One of the greatest treasure troves full of knowledge on all things related to marketing, advertising and copywriting is David Ogilvy's book, "Ogilvy On Advertising." He is a legend in the field and was the creative genius behind more successful ad campaigns than anyone can keep track of. (And by the way, if you are in marketing, copywriting or advertising, and have never HEARD of David Ogilvy, you really should consider another line of work).

Okay, I know I get a little full of myself sometimes, so let's get down to what this article is all about.

Is Direct Response Advertising Right?

Let me quote from a section in his book called, "The lessons of direct response."

"For all their research, most advertisers never know for sure whether their advertisements sell. Too many other factors cloud the equation. But direct-response advertisers, who solicit orders by mail or telephone (and nowadays by the internet), know to the dollar how much each advertisement sells. So watch the kind of advertising they do. You will notice important differences between their technique and the techniques of general advertisers. For example:"

"General advertisers use 30 second commercials. But the direct response fraternity have learned that it is more profitable to use two-minute commercials. Who, do you suppose, is more likely to be right?"

"General advertisers broadcast their commercials in expensive prime time when the audience is at its peak. But direct response advertisers have learned that they make more sales late at night. Who do you suppose, is more likely to be right?"

"In their magazine advertisements, general advertisers use short copy, but the direct response people invariably use long copy. Who do you suppose is more likely to be right?"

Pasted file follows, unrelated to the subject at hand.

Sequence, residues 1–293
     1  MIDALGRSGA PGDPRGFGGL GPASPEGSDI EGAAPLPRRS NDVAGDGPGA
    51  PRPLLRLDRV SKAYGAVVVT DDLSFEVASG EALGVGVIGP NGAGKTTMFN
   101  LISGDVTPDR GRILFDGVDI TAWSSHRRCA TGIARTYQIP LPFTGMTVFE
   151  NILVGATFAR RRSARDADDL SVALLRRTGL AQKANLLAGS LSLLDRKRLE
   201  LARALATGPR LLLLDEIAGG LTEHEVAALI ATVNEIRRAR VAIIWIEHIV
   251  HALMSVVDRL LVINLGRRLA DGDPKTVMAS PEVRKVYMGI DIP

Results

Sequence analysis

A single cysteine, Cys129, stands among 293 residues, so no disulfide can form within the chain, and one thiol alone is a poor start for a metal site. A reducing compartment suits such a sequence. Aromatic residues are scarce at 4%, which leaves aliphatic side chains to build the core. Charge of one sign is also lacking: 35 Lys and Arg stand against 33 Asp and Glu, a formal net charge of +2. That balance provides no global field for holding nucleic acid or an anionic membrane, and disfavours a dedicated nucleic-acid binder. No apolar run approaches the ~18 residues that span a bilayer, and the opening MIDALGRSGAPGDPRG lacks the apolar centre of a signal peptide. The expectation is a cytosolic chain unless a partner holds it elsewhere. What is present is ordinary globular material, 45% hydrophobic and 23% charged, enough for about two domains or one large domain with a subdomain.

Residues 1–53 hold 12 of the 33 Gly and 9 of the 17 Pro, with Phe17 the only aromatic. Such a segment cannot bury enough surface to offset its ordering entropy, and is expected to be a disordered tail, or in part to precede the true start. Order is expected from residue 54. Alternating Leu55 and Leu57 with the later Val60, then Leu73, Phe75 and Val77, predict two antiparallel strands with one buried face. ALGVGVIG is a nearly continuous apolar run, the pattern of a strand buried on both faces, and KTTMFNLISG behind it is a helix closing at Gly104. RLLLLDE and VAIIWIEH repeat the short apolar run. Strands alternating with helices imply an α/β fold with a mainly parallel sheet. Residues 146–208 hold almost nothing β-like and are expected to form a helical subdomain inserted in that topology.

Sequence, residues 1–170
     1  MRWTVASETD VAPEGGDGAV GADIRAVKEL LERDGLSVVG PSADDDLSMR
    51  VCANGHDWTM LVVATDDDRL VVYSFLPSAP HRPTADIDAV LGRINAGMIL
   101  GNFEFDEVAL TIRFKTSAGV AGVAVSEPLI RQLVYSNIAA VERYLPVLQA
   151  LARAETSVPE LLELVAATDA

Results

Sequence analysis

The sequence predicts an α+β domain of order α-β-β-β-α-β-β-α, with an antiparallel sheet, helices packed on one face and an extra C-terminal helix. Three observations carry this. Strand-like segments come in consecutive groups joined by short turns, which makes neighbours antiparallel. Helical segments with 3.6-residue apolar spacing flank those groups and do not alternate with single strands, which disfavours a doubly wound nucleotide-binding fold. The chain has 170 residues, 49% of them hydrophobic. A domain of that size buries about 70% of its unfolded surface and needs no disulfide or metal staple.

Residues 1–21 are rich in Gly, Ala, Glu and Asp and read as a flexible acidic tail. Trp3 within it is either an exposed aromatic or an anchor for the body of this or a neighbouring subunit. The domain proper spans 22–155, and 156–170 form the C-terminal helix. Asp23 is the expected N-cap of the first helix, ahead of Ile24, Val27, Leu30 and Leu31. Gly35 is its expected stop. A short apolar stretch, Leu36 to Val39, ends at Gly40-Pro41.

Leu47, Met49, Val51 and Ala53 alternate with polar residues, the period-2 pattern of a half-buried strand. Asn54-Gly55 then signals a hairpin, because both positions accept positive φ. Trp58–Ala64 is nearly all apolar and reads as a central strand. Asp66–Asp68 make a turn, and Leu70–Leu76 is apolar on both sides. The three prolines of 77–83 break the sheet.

Results vs Creativity For Creativity's Sake

There. It is one thing for me to proclaim the benefits of direct response techniques and how they allow a marketer to measure and test the effectiveness of their ads, websites and every element of their copy. But to hear it from David Ogilvy is like having the Word brought down from the mountain.

Ogilvy also believes that every copywriter should start his career by spending two years in direct response. I agree. Every day I see websites and ads that are creative masterpieces, but have little effectiveness in selling.

Common errors I see are: too much white space, headlines that appeal only to curiosity but not to the customer's "what's in it for me?" motivation, no call to action, and too much design and too little copy.

Ogilvy's Best Work

Ogilvy concludes his thoughts on imitating direct response, by saying:
Do I practice what I preach? Not always. I have created my share of fancy campaigns, but if you ask which of my advertisements have been the most successful, I will answer without hesitation, that it was the first ad I wrote for industrial development in Puerto Rico. It won no award for "creativity" but it persuaded scores of manufacturers to start factories in that poverty-stricken island.

Advertising, marketing creating business websites are not art forms. They are business strategies that are intended to bring in new clients, new business and make sales. Even David Ogilvy tells us that we forget that to our peril.

COPYRIGHT © 2008, Charles Brown


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